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I'll try to keep this question straightforward, though I am dealing with a big ball of mud.

When I run my test query acrossed linked servers both located locally (on a shared virtual host), the query is fast at about 9 seconds.

When I run the same query acrossed linked servers (one local, one about 1,200 miles away) it is MUCH slower at 5:23

I am trying to learn how to analyze an execution plan, but are there other probable causes for this sort of thing?

Edit: Based on @Mat's comment, here is an example.

DISCLAIMER: I do not vouch for the quality of this code.

SELECT * INTO TempQTYOnHand FROM [RemoteServer].remoteDB.dbo.QuantityOnHand 

DELETE FROM [RemoteServer].remoteDB.dbo.QuantityOnHand 

INSERT INTO [RemoteServer].remoteDB.dbo.QuantityOnHand 
SELECT DISTINCT ProductId, Onhand FROM Inventory
WHERE ProductID IN (SELECT ProductId FROM TempQTYOnHand)


Is this a "chatty" query, and also, I guess chatty would mean that it is round tripping for each row on the INSERT?

share|improve this question
Network latency could be killing your query performance. (And there's not much to do generally except rework your query/app so that it's less "chatty".) – Mat Jun 26 '13 at 18:19
Execute each command one at a time. Does one in particular take longer, or are most of them slower? If it's network lag, the SELECT statements should be carrying almost all of the extra time. – Jon of All Trades Jun 26 '13 at 18:50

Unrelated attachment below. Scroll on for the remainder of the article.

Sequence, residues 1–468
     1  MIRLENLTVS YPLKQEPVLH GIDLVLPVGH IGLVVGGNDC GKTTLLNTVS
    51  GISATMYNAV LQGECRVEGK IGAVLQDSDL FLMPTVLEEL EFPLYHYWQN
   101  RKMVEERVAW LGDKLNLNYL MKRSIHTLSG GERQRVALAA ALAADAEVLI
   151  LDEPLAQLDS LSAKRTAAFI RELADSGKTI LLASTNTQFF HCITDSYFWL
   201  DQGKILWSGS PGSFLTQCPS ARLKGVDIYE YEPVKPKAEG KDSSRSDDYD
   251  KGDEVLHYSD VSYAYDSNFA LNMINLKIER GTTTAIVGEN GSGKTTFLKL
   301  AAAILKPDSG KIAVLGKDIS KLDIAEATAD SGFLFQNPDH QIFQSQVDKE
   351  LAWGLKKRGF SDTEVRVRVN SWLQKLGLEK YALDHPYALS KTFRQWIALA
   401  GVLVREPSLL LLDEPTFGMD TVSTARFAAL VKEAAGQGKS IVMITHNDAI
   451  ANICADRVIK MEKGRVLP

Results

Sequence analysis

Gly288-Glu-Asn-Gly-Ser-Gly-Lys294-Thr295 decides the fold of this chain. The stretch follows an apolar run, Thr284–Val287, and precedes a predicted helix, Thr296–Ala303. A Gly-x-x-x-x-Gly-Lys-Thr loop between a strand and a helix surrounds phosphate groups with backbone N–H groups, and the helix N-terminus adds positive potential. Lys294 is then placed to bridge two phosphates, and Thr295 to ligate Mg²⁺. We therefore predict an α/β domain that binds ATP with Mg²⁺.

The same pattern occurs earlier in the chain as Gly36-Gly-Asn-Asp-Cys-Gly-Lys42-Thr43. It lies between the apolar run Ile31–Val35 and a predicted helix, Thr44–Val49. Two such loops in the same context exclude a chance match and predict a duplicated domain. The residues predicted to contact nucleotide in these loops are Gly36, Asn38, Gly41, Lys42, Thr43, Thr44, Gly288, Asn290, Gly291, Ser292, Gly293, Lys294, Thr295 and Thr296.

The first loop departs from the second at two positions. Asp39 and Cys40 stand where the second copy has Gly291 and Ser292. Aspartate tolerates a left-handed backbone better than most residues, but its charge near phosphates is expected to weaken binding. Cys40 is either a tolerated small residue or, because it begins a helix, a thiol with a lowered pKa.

On an average of 3 executions, does the below code run any faster?

SELECT ProductId INTO TempQTYOnHand FROM [RemoteServer].remoteDB.dbo.QuantityOnHand 

DELETE FROM [RemoteServer].remoteDB.dbo.QuantityOnHand 

SELECT DISTINCT ProductId, Onhand INTO NEWQuantityOnHand FROM Inventory
WHERE ProductID IN (SELECT ProductId FROM TempQTYOnHand)

INSERT INTO [RemoteServer].remoteDB.dbo.QuantityOnHand 
SELECT ProductId, Onhand FROM NEWQuantityOnHand


That one is a small, small difference but it won't hurt to test anyway, right?

Also, there are articles that say pushing is slower than pulling, and a few say otherwise.

So, in the interest of experimenting, try both cases where you also invoke pushing from the linked server. Yeah, sadly- you'll have to create a stored procedure on the linked server to push the data, and then call it from your main query so it 'pushes' the data.

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In case you needn't log the delete, the use of a truncate, instead of it, will also grant you a little speed up. – JoseTeixeira Jun 26 '13 at 21:45

There are many performance issues with linked server queries. Best to avoid them all together.

But let's assume you can not.

Then, figure out where MAJORITY of the data resides: on local or remote server. Then make query run where MAJORITY of data is.

For example, if you just need few rows from Customer tbl (local serverA) and you getting data from Orders tbl from remote serverB - I would suggest copying data from Customer tbl to serverB and then just executing qry on serverB. This way query doesn't need to get data across linked server link.

share|improve this answer
I will give this a try and let you know. Hopefully tomorrow. – plntxt Jun 26 '13 at 18:35

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